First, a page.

Presidential Scholars Get to the Heart of 'Boston Strong'
Sophomores' project examines what the iconic phrase means - and what it leaves unsaid
The Boston Marathon bombings violently and tragically marked the ending of the Presidential Scholars Program (PSP) Class of 2016’s first year at Boston College. But inspired by the resiliency and outpouring of support that followed, coupled with the students’ summer experience in service placements around Boston, the undergraduates dedicated their PSP social justice project to examining what makes Boston Strong – and what is needed to make it stronger.
This month, the PSP sophomores published The Heart of This City: Boston Strong and Becoming Stronger, a book of interviews with victims of and witnesses to the bombings, as well as with people connected to Boston-based social services agencies, who all reflect on the Boston Strong message.
Among these Presidential Scholars, the connection to the Boston Marathon is probably felt deepest by co-editor-in-chief Lucas Allen, the only Massachusetts native in the group. “Growing up, I always watched the Boston Marathon on Patriot’s Day,” said Allen, whose family home in Marlborough is a few miles from the starting line, and who was jogging around the finish line only hours before the attacks.
For Allen, it made sense to look beyond the marathonfor the meaning of Boston Strong since the marathon itself is about so much more than running. “There are so many people in the Boston Marathon running for charity, running for causes like Dana-Farber.”
“I think the book is a phenomenal catalyst for discussion, given the range of issues covered,” said Allen’s co-editor Daniel Lundberg, who finished last year’s marathon just minutes before the explosions. “It really did manage to ultimately capture the heart of this city by virtue of the amazing voices in it.”
The Heart of This City begins with a letter of support from Boston Mayor Marty Walsh, a Boston College alumnus, who writes: “Instead of calcifying into a slogan, in the hands of these students and these contributors, ‘Boston Strong’ becomes a way to think about what kind of future we want and what we have to do to make it a reality.”
The book’s first section is devoted to reflections on the marathon bombings, particularly from people who were on the scene, such as Boston Globe photographer John Tlumacki, former Boston Herald reporter Dave Wedge ’93, injured runner Dave Fortier, 1976 Boston Marathon winner Jack Fultz, and injured spectator Brittany Loring JD/MBA ’13, among others.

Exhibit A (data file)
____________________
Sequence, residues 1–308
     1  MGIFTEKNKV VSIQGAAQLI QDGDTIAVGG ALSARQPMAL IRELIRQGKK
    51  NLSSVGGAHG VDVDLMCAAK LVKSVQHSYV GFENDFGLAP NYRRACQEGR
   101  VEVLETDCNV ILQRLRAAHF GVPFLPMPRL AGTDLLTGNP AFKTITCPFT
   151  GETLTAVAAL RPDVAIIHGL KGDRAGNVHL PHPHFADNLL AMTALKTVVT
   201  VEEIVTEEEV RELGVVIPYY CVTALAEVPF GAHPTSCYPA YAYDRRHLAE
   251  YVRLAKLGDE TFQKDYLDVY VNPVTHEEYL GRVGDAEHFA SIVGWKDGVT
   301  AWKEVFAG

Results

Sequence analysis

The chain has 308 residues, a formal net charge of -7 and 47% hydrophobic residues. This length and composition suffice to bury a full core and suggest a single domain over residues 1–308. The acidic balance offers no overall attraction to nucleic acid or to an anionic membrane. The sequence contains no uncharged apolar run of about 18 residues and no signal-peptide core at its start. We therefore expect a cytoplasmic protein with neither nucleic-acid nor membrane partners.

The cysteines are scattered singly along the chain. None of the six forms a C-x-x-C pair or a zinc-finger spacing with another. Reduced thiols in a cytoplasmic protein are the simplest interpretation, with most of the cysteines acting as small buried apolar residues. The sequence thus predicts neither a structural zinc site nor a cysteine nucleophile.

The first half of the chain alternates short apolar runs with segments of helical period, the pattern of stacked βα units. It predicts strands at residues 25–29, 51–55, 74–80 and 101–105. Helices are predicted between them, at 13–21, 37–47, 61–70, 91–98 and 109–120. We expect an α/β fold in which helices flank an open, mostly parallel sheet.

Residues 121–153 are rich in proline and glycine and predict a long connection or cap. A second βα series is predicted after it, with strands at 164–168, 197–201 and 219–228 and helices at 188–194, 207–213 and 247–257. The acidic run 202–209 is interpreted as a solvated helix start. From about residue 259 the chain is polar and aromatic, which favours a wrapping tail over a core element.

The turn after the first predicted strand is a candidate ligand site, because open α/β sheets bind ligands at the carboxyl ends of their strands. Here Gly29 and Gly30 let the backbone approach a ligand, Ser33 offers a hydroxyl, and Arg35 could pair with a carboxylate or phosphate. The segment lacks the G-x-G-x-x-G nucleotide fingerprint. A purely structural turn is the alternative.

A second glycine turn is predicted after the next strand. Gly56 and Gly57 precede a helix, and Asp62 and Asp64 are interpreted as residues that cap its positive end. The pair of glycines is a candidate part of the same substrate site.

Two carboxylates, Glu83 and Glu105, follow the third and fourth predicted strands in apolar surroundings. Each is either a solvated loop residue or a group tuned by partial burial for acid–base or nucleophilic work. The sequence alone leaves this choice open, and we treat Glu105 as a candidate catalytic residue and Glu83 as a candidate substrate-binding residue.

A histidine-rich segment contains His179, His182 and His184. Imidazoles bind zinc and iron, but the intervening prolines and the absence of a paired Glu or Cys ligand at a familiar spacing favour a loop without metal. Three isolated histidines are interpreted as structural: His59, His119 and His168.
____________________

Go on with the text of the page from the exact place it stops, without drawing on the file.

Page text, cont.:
The remaining sections of the book focus on homelessness, health inequity, immigration and educational disparity in Boston.
One feature is an interview with Katy Erker, who ran the Boston Marathon earlier this week for charity. She said her work at Rosie’s Place has given her insight into Boston Strong. “I have had the privilege of working with guests who have experienced very real struggles. They are the most creative, resilient and resourceful people I know. They are also some the strongest people that I know.”
Susan Naimark, who was stopped at last year’s race at the 25th mile and has lived in Boston for nearly 40 years, said she was uncomfortable with the media coverage of last year’s events. “Why don’t we have the same support for [other] victims of senseless violence? The only answer I could find was that these victims were mostly poor, and mostly black and brown.”
It was a disconnect echoed by Haley House co-founder Kathe McKenna in her essay: “Our neighbors quietly noticed the massive public response to the marathon bombings and could not help but compare it to the virtually non-existent response from the same public to the suffering in their community...The tragic, unspoken conclusion is that their lives do not have the same value as the victims of the Boston Marathon bombing.”
Last summer at his service placement at the Italian Home for Children, Lundberg asked the art teacher how they had talked about the marathon with the young children.
“She said, ‘We didn’t. It never really came up because there is so much violence in these kids’ lives on a daily basis. It was just another thing,’” recalled Lundberg. “Hearing that showed me a different lens to view the events of the marathon.”
Lundberg says he is all for the media coverage and outpouring of support dedicated to the marathon victims, but adds: “This project is an important addition to the dialogue.”
Presidential Scholar Andrew Boyce, whose placement focused on working with immigrants at the Educational Development Group, said he was intrigued with the idea of applying the solidarity of the response to the marathon attacks to social justice issues like immigration and homelessness.
Boyce, who ran his first-ever marathon on April 13 in support of the Campus School, said, “I’m so much stronger for having been here [in Boston]. I can’t think of a better place to be.”
Also contributing to the book were Assistant Professor of Philosophy Aspen Brinton, Graduate School of Social Work Associate Professor of the Practice Westy Egmont, Connell School of Nursing Associate Professor Pamela Grace and Adjunct Associate Professor of Economics Tracy Regan.
“We’re very thankful to all our contributors, the Presidential Scholars Program, and the offices that helped to fund the publication’s printing,” said Lundberg. Allen expressed gratitude to PSP Director James Keenan, SJ, and Lynch School of Education Associate Professor Audrey Friedman and Visiting Lecturer Julia Whitcavitch-DeVoy.
For Allen, the message of The Heart of This City is simple: “We are members of the same city and we need to take care of one another.”
For more information on the project or to order the book, see http://www.strongmonth.org.